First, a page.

Medieval History[edit]

The town maintained its importance during medieval times as it protected the most important crossing of the Euphrates in northern Syria.[19] The crossing at Zeugma was no longer used, and the traffic all went to Birecik instead.[18]: 208  Zeugma's population had probably also moved to Birecik as well.[18]: 208  Al-bira had been under control by the Arabs until 1079 when it was conquered by the Seljuk Turk warlord Tutush but at some point afterwards it was taken by Armenians.[20] When the First Crusade arrived in the region, the town was under control of the Armenian Ablgharib, who was a vassal to Kogh Vasil.[21] Matthew of Edessa states that the army of Ablgharib numbered 1,000 and that he was eventually removed by the Franks.[22] Matthew's account of this is suspect however as it seems that his daughter married the next lord, Galeran of Le Puiset of the Montlhery family, and it seems that Ablgharib's position was preserved to a certain extent.[19] Birecik then formed part of the County of Edessa; it was strongly fortified with a castle and served as the capital of a minor feudal lordship.[18]: 208 

In 1151, Birecik was captured by Timurtaş of Mardin, an ally of Nur ad-Din Zengi, and afterwards Birecik became part of Nur ad-Din's direct holdings.[18]: 211–2  After Nur ad-Din died in 1174, Saladin conquered the whole region.[18]: 212  Birecik formed part of the Ayyubid principality of Aleppo; while other towns in the principality were assigned as sub-principalities (namely Tall Bashar and Aintab), Birecik was not and seems to have been governed directly from Aleppo.[18]: 213 

Birecik was later captured by the Mamluks c. 1261.[18]: 214  They repaired its castle in 1277-78 and again in 1300-01.[18]: 216  Under the Mamluks, Birecik was one of the most important fortified garrisons in the region.[18]: 216  A post route ran directly between Birecik and Aleppo.[18]: 218  There was little traffic between Birecik and Rum Kale, another important stronghold located a bit to the north.[18]: 218  Like Rum Kale, Birecik was not directly located on the frontier itself, but its value to the Mamluks was as a strong fallback position in case their border territories (in Bireci'ks case, Urfa) fell to the Mongols.[18]: 218  Birecik wasn't very important commercially until the end of the 1300s, when some commercial traffic between Aleppo and Upper Mesopotamia began to follow the Birecik-Urfa route.[18]: 218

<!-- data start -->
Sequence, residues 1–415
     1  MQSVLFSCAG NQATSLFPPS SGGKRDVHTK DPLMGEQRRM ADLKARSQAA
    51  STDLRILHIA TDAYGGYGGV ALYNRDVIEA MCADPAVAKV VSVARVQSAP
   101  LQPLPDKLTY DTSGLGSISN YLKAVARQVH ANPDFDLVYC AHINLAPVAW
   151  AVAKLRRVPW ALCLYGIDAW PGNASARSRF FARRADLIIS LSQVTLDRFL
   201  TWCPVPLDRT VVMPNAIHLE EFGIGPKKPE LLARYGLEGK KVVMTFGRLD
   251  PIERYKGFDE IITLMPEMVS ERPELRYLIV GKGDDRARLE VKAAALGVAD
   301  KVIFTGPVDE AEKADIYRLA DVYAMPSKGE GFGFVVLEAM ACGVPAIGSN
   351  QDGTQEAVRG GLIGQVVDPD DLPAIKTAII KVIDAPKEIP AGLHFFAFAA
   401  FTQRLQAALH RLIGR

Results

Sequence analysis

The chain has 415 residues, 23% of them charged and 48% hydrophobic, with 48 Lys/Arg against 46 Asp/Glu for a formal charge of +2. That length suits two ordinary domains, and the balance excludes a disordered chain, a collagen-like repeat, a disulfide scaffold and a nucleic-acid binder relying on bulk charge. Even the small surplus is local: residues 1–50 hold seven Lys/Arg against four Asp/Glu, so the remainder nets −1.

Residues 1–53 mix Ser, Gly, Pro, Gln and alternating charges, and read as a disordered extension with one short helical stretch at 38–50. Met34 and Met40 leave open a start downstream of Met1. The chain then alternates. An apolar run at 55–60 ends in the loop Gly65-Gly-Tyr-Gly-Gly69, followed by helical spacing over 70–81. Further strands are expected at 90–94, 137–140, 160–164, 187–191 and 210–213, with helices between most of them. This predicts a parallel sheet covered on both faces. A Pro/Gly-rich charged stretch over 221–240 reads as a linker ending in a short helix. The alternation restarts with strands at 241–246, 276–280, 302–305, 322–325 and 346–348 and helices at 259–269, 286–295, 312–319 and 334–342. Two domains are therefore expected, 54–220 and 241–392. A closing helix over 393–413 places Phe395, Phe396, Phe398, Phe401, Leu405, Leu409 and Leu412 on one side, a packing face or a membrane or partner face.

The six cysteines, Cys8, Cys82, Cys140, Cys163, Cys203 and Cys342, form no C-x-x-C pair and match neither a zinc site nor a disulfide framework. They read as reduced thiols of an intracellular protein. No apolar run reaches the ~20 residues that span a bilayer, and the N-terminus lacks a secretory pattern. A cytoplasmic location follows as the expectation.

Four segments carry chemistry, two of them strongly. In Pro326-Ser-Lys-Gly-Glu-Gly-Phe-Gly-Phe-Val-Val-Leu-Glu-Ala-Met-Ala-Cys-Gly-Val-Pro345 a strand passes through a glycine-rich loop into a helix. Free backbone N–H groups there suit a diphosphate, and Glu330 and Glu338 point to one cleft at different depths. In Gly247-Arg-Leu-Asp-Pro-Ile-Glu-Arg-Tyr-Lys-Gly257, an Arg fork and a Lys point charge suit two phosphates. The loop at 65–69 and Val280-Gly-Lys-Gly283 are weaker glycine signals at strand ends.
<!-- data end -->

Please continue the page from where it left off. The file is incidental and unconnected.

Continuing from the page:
In 1401, however, Timur crossed the Euphrates at Birecik on his way from Damascus to Malatya.[18]: 219  The commander of Birecik's castle submitted to Timur's forces, and it appeared that the town would be spared, but Timur left a contingent of about 3,000 troops in Birecik and they ended up looting the town and castle before leaving to rejoin Timur.[18]: 219  Birecik gained in importance during the 1400s as the preferred route connecting Aleppo and Upper Mesopotamia shifted towards the Birecik-Urfa route instead of the Mardin-Ra's al-'Ayn route that had been preferred previously.[18]: 220  In 1472, the Ak Koyunlu leader Uzun Hasan attacked Birecik unsuccessfully, causing damage to the city walls.[18]: 220  The Mamluk sultan, Qaitbay, later came to inspect the damage and ordered significant rebuilding of the walls.[18]: 220 

Ottoman History[edit]

Toll revenue from Birecik (in guruş)[23]
1520 1536 1552 1570
75,000 180,000 180,000 200,000
View of the Euphrates at Birecik

Birecik became part of the Ottoman Empire in 1516.[23] It already had a dock at the time that was collecting tolls; the income from the tolls rose dramatically after Suleiman the Magnificent's campaign to conquer Baghdad in 1534 (see table).[23]